We let w † denote the unique strictly positive root of the previous expression. If w ∈ [0, w †], then v ≥ 0, and these are the values that can be obtained for times T for which the principal’s payoff is positive. This yields the result for patient projects. For reference, the Markov equilibrium in this region is given by (w, v) = ( ψσ rc , 0). Now consider impatient projects, or ψ > σ, so that the principal’s payoff in the stationary full-effort equilibrium is positive. We need to describe the equilibrium payoffs of potential stationary-outcome equilibria with delay. We encompass delay in the discount rate. That is, players discount future payoffs at rate rλ, for λ ≥ 1. The payoffs to the agent and principal, under such a constant rate, are

c λψ − σ c , v= . rλ σ + λ rλ There exists at most one value of λ > 1 for which the principal’s payoff is equal to that obtained for λ = 1, namely σ(σ + 1) λ= , ψ−σ which is larger than one if and only if ψ < σ(σ + 2). As before, if ψ > σ(σ + 2), then we have the case of a very impatient project, for which there is no other equilibrium payoff than the Markov payoff (w ∗, v ∗ ). Let us then focus on moderately patient projects for which w=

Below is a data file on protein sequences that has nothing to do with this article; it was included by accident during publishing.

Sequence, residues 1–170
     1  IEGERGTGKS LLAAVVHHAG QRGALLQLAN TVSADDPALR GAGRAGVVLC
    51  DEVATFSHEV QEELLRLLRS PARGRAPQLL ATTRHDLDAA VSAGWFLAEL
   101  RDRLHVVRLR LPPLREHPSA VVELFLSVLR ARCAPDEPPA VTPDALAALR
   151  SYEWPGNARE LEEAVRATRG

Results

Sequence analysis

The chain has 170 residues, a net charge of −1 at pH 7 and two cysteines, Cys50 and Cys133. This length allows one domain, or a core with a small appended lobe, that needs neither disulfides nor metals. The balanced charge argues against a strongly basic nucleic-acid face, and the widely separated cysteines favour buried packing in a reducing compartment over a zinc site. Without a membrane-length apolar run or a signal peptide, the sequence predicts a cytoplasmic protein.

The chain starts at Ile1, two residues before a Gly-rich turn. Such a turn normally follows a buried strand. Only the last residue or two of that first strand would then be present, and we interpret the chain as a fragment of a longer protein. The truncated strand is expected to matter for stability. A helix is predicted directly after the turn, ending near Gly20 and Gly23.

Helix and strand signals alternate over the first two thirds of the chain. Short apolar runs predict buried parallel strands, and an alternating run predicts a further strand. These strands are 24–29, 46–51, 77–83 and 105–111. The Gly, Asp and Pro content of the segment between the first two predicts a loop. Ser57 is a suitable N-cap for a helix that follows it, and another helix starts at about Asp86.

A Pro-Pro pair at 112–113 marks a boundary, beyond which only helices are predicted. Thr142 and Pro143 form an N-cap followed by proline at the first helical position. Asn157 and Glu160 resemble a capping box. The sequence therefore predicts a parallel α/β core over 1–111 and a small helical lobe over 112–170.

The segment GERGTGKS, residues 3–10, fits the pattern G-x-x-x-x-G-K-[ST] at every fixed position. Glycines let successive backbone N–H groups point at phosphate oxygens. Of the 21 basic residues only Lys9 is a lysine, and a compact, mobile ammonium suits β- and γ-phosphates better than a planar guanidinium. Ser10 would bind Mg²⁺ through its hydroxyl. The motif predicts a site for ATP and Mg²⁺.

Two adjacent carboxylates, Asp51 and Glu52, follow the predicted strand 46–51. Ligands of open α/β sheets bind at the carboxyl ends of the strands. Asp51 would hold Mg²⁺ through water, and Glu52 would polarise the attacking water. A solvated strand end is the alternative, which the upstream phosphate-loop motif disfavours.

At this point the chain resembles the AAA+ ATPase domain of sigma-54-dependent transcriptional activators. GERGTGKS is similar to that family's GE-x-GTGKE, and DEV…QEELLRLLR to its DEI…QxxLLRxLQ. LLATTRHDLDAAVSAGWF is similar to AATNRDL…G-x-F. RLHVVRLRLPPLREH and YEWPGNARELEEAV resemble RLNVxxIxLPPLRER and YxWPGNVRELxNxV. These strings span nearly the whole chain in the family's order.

ψ ∈ (σ, σ(σ + 2)), in which case λ > 1, so that there exists an equilibrium in which constant funding is provided, but at a slower rate than possible. The agent’s payoff in this equilibrium is w=

c ψ−σ c = . rλ σ(σ + 1) r F-104

We may now solve the differential equations with boundary condition v(T ) = v ∗ , w(T ) = w for an arbitrary T ≥ 0. Eliminating T gives the following relationship between v = v(0) and w = w(0): !  −σ  c ψ + 1 ψ − ψσ − 2σ ψ − σ 2 rw σ+1 c v= 1− − w, + r σ+1 ψ − σ 2 − 2σ σ 2 + σ c r completing the results for moderately impatient projects.

G G.1

Proofs, Commitment Proof of Proposition 6